In the field of nursing, cultural framework is used to enable caregivers overcome the challenges that are prevalent in culturally divergent communities (Kozier, 2000). Caregivers encounter cultural issues such as race, language barriers, gender, linguistic diversity, and conflicting cultural beliefs. In such situation, a caregiver must uphold the good values of nursing by promoting equality regardless of the clients’ background, and delivering the best healthcare regardless of the challenges they may be facing (Kozier,
Recognising a cultural identity, cultural values and beliefs takes up an important part of ever-greater needs of the multicultural community within culturally diverse health care environment. Cultural value is a barometer of whether is right, wrong, acceptance and justice within specific society’s view. Each individual member of the community has tendencies to show respect and follows normative values sanctioned in the culture group (Spencer, 2012). The cultural beliefs can also be good examples of showing how the individuals from different culture processing ideas on health care service expectation, healthcare providers, and their levels of compliance for available care option (Dana, 1997, p.64). Above mentioned cultural concepts are crucial
service users, thereby improving healthcare outcome (Chaloner, 2007). Their main concern is to guide the activities of healthcare providers by utilization of the professional code of conduct so that professionalism in practice will be maintained, informed decision making and ensuring patient’s safety (DH, 2012; NMC, 2008). These also contributes to improvement in the quality of life by reducing morbidity and mortality rate, thus, promoting consistency of care (Hansson, 2009; Corey et al., 2014). According to Corey et al.
Kong, Qin, Zhou, Mou and Gao (2014) support this suggestion and adds that effective communication is a vital component of nursing practice contributing to wise decision-making and effective patient management. A holistic assessment which is culturally sensitive, ensures that healthcare is concordant to a patient’s values and beliefs (Tucker, Roncoroni & Sanchez, 2015). Cultural competence in nursing, requires health professionals to have an understanding of the diversity of cultures among patient groups and in doing so, to provide care which is respectful and culturally-centred (Tucker et al., 2015). Using the reflective model of situation, task, action and response (STAR) below, I was able to recall a clinical experience and review my practice in nursing (Swinburne University,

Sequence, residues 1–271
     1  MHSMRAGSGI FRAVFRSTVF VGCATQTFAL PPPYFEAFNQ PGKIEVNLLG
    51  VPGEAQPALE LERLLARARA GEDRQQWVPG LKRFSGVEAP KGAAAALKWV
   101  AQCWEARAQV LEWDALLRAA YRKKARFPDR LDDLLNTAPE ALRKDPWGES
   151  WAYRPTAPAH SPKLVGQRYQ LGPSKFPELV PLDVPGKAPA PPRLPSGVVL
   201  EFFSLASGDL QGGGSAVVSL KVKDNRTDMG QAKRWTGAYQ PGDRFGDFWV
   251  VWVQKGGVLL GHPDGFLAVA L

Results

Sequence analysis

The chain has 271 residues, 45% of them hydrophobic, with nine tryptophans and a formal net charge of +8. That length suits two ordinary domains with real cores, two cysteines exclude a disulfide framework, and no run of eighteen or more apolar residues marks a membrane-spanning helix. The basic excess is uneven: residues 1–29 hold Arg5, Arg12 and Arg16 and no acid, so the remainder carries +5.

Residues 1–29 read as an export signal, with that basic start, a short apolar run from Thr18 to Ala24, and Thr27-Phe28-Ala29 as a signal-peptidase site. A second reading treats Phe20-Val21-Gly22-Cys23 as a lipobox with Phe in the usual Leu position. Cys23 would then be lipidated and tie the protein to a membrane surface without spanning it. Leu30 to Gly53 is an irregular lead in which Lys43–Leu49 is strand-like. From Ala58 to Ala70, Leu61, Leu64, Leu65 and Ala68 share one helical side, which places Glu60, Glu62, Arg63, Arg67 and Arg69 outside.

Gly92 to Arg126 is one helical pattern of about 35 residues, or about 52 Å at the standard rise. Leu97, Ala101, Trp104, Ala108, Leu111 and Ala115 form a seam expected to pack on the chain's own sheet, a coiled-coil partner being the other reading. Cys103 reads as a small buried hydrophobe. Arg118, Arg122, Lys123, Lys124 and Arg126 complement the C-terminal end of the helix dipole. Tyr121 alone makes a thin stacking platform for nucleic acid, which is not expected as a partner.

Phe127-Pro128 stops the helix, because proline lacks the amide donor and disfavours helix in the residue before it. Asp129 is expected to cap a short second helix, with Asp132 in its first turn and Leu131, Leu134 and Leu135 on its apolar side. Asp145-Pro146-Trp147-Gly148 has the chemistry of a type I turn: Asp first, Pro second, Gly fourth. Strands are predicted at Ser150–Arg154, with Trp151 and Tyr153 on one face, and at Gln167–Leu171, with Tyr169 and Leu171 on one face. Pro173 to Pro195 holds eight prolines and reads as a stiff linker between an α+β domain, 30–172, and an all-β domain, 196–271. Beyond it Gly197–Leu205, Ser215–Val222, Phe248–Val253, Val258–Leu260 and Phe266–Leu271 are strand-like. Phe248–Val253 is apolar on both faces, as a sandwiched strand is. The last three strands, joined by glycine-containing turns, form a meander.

Ethical dilemmas are a big part of healthcare, and specifically EMS. It is probable that you will encounter an ethical dilemma at some point in your career, and I think that you need to be equipped properly to deal with this inevitability. Most systems for solving ethical dilemmas follow the same model, roughly, and try and adhere to a policy of “most benefit, least harm”, or, “no harm no foul”. There is no problem with this, however, in a healthcare setting, we often must leave emotion, and sometimes patient preference out of the equation due to laws, protocols, and to protect ourselves, even more so today I think with the way our society is trending towards more and more litigious behavior. When you encounter an ethical dilemma,
The reason why I would choose one of these viewpoints is because I would try and choose the best ethical decision that would allow the patients to benefit in the most morally, ethically, and humane way possible. Fair and impartial treatment would need to be made in some situations, as people do need to follow rules and standards while working in the health field. Additionally, while making these decisions, as a nurse, I would try and respect all rights of individuals while also trying to make the most proper decisions that would benefit not only this patient but potentially another patient as
Summary Nurse must have knowledge about on different cultural factors such as language, beliefs, and values. Having an education on all of these will allow competent care. Nurse that don 't understand those factors are challenged while providing care and it also leads to other barriers. However, if they can communicate to the patient well they can advocate for the best possible outcome of the patient 's health. If conflict arises in the patient 's health choices the nurse will be courageous by continuing to advocate for what is ethical and best the the patients.